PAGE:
Viney, I sure am sorry you are in so much pain! I've been battling various issues since my spill in November and had a hard fall on a wet wooden deck recently that has had me hobbling around. I finally saw my orthopedic doctor, did x-rays and 2 MRI's just to be sure he knew what was going on. I have 2 compression fractures which I knew about, 3 or 4 bulging discs and significant arthritis in my lower back and hips. I guess the recent fall inflammed the arthritic areas as that is where the pain is so I'll be doing PT and trying to stretch and strengthen my core strength for now. If that doesn't relieve the pain, we'll do more aggressive stuff. I'm hoping it will. I am also looking at homeopathic vitamins and saw where Dr. Oz recommends Boswellia (sp) -- saying after 8 weeks you should be able to tell a difference. I've also read that devil's claw is helpful. I take glucosamine, chondroitin and MSM and use Tramadol, a muscle relaxer and a prescription for something similar to ibuprofen as well as ibuprofen as needed. I usually hurt more after standing or moving around alot and at night. I have one of those tables you lay on and it tilts upside down to stretch your back and it helps and I started using a weight contraption we have this weekend and I think it helps too. I want to ride and know I've got to do my part to make it happen and enjoy it. I sure hope you get some relief, too. I've had an epidural for sciactica several months ago before the deck fall and it pretty well resolved it. With two relatively young mares to ride, I need to be functional!

            PennyG

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            • #7
              Yes!

              Bad backs in all it's various forms of pain & decrepitudes are universally and extremely common in horsemen. It's worse with age, heavier weight ranges, unfitness, existence of other problems, kinds/styles of riding you've done, # of falls/injuries you've had..... etc. EVERYONE will develop some kind of spinal/orthopedic problem unless you take care of yourself and work towards long term prevention. Once it's there; it never goes away. It must simply be dealt with...or quit....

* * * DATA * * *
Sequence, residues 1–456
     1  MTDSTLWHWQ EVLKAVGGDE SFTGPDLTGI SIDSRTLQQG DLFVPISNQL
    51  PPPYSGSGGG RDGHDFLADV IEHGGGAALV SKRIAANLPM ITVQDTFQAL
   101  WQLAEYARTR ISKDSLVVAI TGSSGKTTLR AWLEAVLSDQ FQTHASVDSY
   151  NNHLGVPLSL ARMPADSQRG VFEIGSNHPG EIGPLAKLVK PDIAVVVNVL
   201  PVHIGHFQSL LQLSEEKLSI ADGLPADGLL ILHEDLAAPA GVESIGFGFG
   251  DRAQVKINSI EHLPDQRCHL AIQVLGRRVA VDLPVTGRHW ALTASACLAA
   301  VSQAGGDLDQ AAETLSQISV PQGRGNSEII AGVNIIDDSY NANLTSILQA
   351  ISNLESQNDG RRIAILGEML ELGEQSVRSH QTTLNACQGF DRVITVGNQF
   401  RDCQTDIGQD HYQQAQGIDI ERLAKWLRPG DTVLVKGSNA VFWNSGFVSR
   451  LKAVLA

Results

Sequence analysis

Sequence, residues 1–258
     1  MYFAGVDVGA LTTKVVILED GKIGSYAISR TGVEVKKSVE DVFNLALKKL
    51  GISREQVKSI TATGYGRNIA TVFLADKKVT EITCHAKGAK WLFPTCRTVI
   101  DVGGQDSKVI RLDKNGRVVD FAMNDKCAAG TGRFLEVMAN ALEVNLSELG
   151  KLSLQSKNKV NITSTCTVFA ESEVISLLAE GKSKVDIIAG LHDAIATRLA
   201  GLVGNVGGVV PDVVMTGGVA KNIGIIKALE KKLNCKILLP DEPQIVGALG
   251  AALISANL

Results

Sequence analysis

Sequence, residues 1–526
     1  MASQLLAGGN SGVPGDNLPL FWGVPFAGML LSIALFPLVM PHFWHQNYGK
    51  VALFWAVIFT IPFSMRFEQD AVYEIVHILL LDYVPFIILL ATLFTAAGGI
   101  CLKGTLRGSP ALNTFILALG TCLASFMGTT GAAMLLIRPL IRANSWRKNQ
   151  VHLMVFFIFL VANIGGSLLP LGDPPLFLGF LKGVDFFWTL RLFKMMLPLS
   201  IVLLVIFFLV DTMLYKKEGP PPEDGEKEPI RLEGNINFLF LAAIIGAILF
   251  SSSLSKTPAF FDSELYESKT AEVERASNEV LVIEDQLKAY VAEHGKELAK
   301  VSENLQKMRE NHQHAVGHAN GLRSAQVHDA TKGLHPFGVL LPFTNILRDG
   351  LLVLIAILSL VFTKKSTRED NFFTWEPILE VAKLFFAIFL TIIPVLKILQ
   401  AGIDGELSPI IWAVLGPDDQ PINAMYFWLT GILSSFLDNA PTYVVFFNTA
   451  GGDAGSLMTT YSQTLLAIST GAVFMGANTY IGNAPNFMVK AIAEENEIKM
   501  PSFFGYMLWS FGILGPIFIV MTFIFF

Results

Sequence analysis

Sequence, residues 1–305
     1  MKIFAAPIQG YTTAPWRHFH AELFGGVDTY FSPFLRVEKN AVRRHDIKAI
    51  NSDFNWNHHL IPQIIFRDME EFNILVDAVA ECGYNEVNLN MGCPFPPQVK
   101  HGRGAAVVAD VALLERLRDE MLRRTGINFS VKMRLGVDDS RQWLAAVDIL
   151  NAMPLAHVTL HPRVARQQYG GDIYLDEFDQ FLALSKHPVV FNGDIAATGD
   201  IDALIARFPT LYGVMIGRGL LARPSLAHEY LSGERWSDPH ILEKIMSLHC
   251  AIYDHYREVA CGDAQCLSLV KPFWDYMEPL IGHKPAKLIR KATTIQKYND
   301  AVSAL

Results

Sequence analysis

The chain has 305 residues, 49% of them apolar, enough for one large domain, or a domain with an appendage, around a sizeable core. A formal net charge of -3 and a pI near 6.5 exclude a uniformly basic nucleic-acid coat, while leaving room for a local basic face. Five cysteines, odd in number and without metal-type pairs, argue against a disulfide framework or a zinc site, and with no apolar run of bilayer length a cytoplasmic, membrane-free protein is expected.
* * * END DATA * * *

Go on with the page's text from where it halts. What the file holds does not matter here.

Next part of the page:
Do a search of back problems on this board and I'd bet it's 80% of the complaints. There has been some outstanding suggestiosn for dealing with back/joint problems. You are not alone. You are not special. Read, learn, cope as best you can. Carry on. Keep smiling & hopeful!!

              And TKR, Tramadol is not a muscle relaxant...it's a synthetic opiate painkiller. Please be careful. Altho' of course muscles relax when you take it as a pleasant side effect. Don't drive or leave the house when taking. Try not to take regularly.

              I advocate continue riding but notch it back and be willing to make A LOT of changes & adjustments. You HAVE to get yourself healthy. It's the first step in dealing well with arthritis. Exercise is a good, good thing.

              Avoid concussion to your back. Get physically healthy (lose weight, exercise, eat healthy, take vit D+calcium if you're a woman!) Change your saddle type. Get better stirrups. Ride longer. Increase your padding to absorb shock. Never do sitting gaits. Change horse breed to a smoother riding horse. Stop dressage. Stop jumping. Wear sneakers as much as possible when walking around. Take nsaids. Use ice. I could go on......

              So there's a LOT you can do. Just do it! There IS life after decrepitudes; just not at your 20's level.

              WG knows this. She is a foxhunting old chick with 4 discs, 3 knee surgeries, bla, bla, bla......and an RN. Carry on!!
              Last edited by wateryglen; Sep. 5, 2012, 01:35 PM. Reason: oh I forgot!

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              • #8